Supporting Autistic Children to Successfully Transition to Primary School: Perspectives from Parents and Early Intervention Professionals

Poster Presentation
Thursday, May 2, 2019: 5:30 PM-7:00 PM
Room: 710 (Palais des congres de Montreal)
N. T. Chen1,2, S. Miller1,3,4, B. T. Milbourn2, M. H. Black1,2, K. Fordyce5, G. Van Der Watt3,4, T. Alach1,3,4, A. Masi1,6,7, G. Frost8, M. Tucker9, V. Eapen1,6,10 and S. J. Girdler1,2, (1)Cooperative Research Centre for Living with Autism (Autism CRC), Long Pocket, Brisbane, Australia, (2)School of Occupational Therapy, Social Work and Speech Pathology, Curtin University, Perth, Western Australia, Australia, (3)Autism Association of Western Australia, Perth, Australia, (4)Autism Specific Early Learning and Care Centre, Bedford, Australia, (5)North West Tasmania Autism Specific Early Learning and Care Centre, St Giles Society, Burnie, Australia, (6)School of Psychiatry, University of New South Wales, Sydney, Australia, (7)KU Marcia Burgess Autism Specific Early Learning and Care Centre, Liverpool, Australia, (8)Anglicare SA Daphne St Autism Specific Early Learning and Care Centre, Prospect, Australia, (9)Queensland Autism Specific Early Learning and Care Centre, AEIOU Foundation, Nathan, Australia, (10)Academic Unit of Child Psychiatry, South West Sydney (AUCS), ICAMHS, Mental Health Centre, L1, Liverpool Hospital, Liverpool, Australia

The transition to primary school is an important social and developmental milestone which may evoke significant anxiety and uncertainty for both children and families, as it is coupled with changes to existing supports. This transition can be particularly difficult for children diagnosed with Autism Spectrum Disorder (ASD) who face significant barriers to developing school readiness and experiencing a positive transition to school. There is a need to better understand how to support families and children diagnosed with ASD during this crucial time.


This study aimed to explore the perceptions of parents and early intervention staff on the factors contributing to school readiness and a successful school transition for children diagnosed with ASD.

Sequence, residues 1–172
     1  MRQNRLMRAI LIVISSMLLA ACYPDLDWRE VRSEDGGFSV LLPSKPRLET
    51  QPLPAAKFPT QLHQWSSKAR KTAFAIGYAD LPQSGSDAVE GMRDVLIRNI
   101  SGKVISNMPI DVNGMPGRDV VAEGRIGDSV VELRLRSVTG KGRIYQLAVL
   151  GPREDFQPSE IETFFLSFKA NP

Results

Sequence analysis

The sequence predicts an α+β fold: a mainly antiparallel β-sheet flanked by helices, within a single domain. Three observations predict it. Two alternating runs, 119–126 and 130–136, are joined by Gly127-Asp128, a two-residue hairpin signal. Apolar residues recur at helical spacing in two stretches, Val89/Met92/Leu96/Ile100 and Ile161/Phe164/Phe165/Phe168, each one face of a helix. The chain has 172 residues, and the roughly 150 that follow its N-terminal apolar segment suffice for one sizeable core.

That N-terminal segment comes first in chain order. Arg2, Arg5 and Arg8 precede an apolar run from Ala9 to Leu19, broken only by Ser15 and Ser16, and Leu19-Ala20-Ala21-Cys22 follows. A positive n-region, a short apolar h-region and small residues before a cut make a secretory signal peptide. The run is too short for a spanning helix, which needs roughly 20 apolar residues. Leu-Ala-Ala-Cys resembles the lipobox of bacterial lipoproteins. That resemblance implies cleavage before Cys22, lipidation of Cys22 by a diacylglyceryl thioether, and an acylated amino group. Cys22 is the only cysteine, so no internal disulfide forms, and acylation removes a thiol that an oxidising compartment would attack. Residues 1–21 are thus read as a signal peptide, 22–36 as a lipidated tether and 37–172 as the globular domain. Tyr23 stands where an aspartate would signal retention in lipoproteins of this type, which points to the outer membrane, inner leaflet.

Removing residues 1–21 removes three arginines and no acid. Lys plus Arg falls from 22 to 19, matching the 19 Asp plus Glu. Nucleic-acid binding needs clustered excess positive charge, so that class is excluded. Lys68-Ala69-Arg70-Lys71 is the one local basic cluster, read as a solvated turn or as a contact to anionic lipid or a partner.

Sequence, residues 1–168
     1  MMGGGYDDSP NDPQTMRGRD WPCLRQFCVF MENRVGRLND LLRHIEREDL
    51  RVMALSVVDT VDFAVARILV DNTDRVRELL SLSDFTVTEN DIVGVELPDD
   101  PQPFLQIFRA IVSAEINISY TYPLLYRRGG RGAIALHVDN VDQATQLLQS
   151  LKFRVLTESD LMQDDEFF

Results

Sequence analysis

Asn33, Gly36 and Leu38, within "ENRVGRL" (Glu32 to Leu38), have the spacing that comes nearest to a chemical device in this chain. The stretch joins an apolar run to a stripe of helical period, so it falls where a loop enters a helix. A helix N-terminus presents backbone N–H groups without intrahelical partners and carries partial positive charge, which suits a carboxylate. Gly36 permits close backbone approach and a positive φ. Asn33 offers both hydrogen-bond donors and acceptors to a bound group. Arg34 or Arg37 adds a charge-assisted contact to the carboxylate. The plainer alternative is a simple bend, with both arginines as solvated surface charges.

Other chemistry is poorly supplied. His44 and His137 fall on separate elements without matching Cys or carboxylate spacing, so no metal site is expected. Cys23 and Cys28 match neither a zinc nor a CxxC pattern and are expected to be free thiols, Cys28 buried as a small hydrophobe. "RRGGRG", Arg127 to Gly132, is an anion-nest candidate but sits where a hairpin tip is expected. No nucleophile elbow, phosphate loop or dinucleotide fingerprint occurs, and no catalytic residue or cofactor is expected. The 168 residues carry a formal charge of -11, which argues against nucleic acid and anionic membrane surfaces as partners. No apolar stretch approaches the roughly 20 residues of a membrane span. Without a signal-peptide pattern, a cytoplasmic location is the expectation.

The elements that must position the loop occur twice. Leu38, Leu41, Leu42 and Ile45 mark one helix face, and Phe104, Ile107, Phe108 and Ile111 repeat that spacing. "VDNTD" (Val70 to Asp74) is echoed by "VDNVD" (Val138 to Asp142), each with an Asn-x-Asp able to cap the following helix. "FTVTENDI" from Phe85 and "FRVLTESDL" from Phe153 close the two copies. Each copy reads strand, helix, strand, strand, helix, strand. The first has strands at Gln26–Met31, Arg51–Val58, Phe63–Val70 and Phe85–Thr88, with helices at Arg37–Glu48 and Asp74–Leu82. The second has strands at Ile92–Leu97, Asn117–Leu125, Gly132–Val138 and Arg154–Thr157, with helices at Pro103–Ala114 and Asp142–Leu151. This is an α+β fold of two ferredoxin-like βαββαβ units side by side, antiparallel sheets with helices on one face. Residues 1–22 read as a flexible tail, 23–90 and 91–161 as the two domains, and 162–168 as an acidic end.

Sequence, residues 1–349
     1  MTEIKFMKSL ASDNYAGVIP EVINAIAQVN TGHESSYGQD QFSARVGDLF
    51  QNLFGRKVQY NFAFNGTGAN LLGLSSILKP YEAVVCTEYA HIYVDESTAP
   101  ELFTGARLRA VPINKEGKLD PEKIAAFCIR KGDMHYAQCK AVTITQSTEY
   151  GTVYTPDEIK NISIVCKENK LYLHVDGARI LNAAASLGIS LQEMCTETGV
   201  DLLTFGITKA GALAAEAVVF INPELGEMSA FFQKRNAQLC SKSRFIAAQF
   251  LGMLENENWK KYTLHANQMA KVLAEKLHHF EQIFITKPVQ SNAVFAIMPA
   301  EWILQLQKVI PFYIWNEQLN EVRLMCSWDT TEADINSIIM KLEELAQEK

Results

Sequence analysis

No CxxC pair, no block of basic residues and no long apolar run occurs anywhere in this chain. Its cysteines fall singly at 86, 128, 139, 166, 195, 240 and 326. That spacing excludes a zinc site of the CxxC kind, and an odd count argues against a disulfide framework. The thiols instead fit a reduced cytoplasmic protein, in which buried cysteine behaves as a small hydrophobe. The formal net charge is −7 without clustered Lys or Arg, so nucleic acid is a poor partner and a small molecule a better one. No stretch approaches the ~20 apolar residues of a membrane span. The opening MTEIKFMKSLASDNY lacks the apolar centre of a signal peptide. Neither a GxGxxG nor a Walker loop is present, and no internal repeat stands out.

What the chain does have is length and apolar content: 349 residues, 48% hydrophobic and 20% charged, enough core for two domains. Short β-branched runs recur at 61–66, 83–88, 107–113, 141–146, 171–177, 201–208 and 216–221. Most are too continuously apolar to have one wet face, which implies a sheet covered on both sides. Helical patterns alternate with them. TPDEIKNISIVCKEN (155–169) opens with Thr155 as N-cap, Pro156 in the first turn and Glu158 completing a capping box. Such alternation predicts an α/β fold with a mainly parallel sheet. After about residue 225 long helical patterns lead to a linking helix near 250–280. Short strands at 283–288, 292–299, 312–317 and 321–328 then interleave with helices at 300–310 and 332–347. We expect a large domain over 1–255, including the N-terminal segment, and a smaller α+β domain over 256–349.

Focus groups and interviews exploring school readiness and transition for children diagnosed with ASD were conducted with 58 early intervention staff and 15 parents of children diagnosed with ASD who transitioned to school from autism specific early learning and care centres (ASELCC) at the beginning of 2018. Thematic analysis was undertaken to explore factors influencing school readiness and transition at both system and individual levels.


At the system level both early intervention staff and parents discussed the need for better communication and collaboration between early intervention staff, receiving teachers and parents. Both groups also noted that teachers receiving children must build a relationship with the child and have an adequate understanding and knowledge of ASD. Early intervention staff and parents also emphasised the need to utilise a strengths-based approach, incorporating a child’s interests and skills to facilitate a successful transition to school. Early intervention staff noted that support provided by early intervention staff and parents advocating for the child was important for success. At the individual level, key issues highlighted were assisting children to develop independence, beginning the transition early to provide time to adjust, developing routines and structure, providing tools to facilitate transition, developing strategies to manage anxiety and individualizing the transition process.


Findings indicate a number of factors which must be considered to facilitate the transition to school for children diagnosed with ASD. This study highlights the need for clear, collaborative and ongoing communication between parents, teachers and early intervention staff to support children diagnosed with ASD during the transition to school. Early intervention staff must provide support to families and work with receiving teachers to develop knowledge and understanding of ASD to facilitate better school outcomes for children diagnosed with ASD. Using a strengths-based approach, collaboration between all stakeholders and individualizing the transition process are essential for success.